U.S. Sees Oil Market Oversupplied by Early Next Year
(Bloomberg) -- The U.S. government projected that the global oil market will become oversupplied and prices will fall by early next year, cooling expectations that the White House may tap the nation’s emergency reserves.
Supply increases next year from OPEC nations as well as U.S. drillers will ultimately pressure prices lower. The U.S. benchmark crude will fall below $80 a barrel by December and reach as low as $62 by the end of next year and its global counterpart Brent will average $72 a barrel in 2022, the Energy Information Administration said in its Short-Term Energy Outlook on Tuesday. U.S. pump prices will drop below $3 a gallon by February, the data show.
“We forecast that global oil stocks will begin building in 2022, driven by rising production from OPEC+ and the United States, along with slowing growth in global oil demand,” the EIA said.
The Biden administration has been under pressure to act to suppress rising gasoline prices that are now at the highest levels since 2014. But the report may weaken the argument for a release of oil from the U.S. Strategic Petroleum Reserve, a move that had been seen as the most direct action U.S. President Biden could take to drive down prices, especially after OPEC and its allies resisted Biden’s calls to bring more crude supplies into the global market.
A White House official said on Tuesday afternoon that the administration has reviewed the EIA forecast and welcomes news of moderating prices. It also said that it has nothing to announce Tuesday in terms of a SPR release and it continues to engage with OPEC+ on increasing supply.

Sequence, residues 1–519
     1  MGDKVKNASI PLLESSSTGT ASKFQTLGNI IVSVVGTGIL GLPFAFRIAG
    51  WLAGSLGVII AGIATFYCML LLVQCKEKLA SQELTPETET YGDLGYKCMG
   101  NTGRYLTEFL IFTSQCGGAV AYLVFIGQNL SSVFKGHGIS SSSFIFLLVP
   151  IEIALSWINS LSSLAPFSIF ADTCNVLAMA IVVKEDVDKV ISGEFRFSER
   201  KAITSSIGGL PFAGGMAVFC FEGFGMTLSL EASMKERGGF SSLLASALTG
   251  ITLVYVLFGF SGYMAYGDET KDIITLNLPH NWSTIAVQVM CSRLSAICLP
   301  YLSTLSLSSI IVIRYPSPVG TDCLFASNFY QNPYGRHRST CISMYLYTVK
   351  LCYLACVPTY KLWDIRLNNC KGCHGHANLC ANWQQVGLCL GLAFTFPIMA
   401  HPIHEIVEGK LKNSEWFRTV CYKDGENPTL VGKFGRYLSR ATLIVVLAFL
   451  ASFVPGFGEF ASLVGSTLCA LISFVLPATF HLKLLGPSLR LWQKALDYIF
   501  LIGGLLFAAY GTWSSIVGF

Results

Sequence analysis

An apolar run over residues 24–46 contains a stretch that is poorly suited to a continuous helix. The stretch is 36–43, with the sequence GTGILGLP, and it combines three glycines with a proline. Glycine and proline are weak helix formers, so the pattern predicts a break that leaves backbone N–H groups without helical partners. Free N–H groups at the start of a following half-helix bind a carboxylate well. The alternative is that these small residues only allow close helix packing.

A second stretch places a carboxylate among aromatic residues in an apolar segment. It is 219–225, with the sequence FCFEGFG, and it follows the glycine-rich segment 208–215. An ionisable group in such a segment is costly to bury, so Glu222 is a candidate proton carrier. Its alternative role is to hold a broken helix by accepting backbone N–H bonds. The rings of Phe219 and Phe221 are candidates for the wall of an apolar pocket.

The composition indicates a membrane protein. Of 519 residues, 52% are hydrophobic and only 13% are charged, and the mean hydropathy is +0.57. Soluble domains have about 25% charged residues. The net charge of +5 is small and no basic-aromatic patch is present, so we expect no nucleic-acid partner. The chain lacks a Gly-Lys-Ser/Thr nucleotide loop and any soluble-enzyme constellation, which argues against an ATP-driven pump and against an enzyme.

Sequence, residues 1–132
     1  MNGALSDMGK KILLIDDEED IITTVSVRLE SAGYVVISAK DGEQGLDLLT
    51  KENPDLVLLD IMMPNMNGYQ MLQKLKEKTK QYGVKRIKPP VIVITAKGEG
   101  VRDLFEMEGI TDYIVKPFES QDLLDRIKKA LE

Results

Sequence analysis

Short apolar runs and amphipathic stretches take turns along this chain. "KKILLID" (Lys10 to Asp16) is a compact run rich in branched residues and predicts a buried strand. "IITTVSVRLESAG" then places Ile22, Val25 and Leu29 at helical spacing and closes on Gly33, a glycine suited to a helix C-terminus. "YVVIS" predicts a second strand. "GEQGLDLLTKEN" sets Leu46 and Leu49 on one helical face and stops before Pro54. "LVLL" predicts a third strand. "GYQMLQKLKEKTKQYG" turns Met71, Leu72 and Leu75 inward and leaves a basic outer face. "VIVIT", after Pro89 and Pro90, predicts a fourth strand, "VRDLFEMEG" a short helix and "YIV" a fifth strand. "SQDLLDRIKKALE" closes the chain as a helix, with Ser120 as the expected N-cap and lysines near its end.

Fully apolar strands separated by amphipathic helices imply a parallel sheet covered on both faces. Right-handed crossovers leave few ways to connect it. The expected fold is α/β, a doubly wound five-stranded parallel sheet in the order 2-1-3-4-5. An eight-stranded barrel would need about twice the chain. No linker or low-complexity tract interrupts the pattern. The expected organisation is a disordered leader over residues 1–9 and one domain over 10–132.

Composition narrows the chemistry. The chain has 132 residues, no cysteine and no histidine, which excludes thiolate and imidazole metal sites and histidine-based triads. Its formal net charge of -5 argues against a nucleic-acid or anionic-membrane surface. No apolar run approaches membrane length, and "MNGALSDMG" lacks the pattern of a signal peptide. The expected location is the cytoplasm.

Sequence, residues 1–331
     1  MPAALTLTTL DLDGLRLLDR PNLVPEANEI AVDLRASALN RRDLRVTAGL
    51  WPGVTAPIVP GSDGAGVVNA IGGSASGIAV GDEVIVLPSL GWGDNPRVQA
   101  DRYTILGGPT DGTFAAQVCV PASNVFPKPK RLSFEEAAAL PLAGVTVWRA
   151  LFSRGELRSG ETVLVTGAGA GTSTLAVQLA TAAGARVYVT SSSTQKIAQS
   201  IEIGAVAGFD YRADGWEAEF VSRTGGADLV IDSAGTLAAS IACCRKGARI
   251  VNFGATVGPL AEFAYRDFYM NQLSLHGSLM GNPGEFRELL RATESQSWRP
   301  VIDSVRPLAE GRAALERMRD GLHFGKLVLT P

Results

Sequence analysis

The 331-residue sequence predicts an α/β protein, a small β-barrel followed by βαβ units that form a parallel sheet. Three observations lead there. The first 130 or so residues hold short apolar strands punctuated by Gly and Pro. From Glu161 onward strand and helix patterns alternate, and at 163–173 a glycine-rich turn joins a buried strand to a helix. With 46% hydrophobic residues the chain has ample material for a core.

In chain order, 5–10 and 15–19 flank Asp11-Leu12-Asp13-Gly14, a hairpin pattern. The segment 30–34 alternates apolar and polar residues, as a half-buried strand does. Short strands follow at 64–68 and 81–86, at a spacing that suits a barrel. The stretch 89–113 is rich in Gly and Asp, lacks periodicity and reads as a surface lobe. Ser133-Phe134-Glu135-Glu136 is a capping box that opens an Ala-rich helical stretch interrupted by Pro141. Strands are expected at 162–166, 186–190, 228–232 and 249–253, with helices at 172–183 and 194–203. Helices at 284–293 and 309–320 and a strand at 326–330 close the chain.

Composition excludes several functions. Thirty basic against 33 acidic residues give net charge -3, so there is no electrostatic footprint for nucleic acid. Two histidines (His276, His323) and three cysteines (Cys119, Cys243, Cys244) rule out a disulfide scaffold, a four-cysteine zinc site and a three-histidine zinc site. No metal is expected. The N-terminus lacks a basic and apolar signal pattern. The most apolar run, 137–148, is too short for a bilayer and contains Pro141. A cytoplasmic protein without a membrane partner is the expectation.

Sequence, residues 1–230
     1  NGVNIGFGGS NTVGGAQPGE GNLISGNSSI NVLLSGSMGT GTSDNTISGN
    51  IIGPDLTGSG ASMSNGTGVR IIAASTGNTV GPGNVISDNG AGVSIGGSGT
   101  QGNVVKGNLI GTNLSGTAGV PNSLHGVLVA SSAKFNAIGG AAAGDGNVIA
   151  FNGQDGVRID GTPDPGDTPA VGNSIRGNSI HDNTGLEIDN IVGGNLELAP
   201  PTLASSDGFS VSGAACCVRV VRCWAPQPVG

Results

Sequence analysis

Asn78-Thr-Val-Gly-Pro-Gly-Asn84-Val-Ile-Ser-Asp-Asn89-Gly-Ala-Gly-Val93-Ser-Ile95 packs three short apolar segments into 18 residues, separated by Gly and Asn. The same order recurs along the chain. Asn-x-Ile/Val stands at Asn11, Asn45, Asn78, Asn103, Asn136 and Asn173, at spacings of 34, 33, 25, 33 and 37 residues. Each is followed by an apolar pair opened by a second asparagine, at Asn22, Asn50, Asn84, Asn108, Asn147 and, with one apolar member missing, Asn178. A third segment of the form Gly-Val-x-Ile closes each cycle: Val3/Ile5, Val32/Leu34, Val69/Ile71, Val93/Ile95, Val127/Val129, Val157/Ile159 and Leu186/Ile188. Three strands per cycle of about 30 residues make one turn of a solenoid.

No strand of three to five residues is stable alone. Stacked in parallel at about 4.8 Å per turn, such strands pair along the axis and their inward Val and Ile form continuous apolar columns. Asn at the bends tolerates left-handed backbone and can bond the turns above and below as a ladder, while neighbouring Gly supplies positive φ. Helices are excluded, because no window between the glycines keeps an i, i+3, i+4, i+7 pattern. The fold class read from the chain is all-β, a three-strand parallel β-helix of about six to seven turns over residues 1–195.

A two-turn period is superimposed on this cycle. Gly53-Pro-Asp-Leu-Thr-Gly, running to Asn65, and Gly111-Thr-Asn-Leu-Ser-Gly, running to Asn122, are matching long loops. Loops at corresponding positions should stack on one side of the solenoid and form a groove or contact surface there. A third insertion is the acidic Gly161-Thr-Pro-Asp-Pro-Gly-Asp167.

The Strategic Petroleum Reserve holds more than 600 million barrels of crude in underground caverns in Louisiana and Texas for major emergencies. Existing volumes are large enough to replace all the oil that the U.S. imports from OPEC and its allies for more than a year.
“There is no real reason for an imminent release,” said Spencer Vosko, director for crude oil at Black Diamond Commodities LLC. “The bigger question here is production. While U.S. shale producers are showing constraint it looks like global supplies could be on the mend.”
Global oil supply is set to average 101.42 million barrels a day in 2022, while worldwide demand is seen at 100.88 million barrels a day.
Meanwhile, U.S. crude production is expected to rise to average 11.9 million barrels a day in 2022 as drillers make a comeback. A nearly 15% rally in West Texas Intermediate crude prices since July is luring some shale producers to ramp up output, most notably private drillers. While the outlook marks an expected increase in supply, it is still far from the record annual volume reached in 2019 as the recovery across major shale regions has been mixed.
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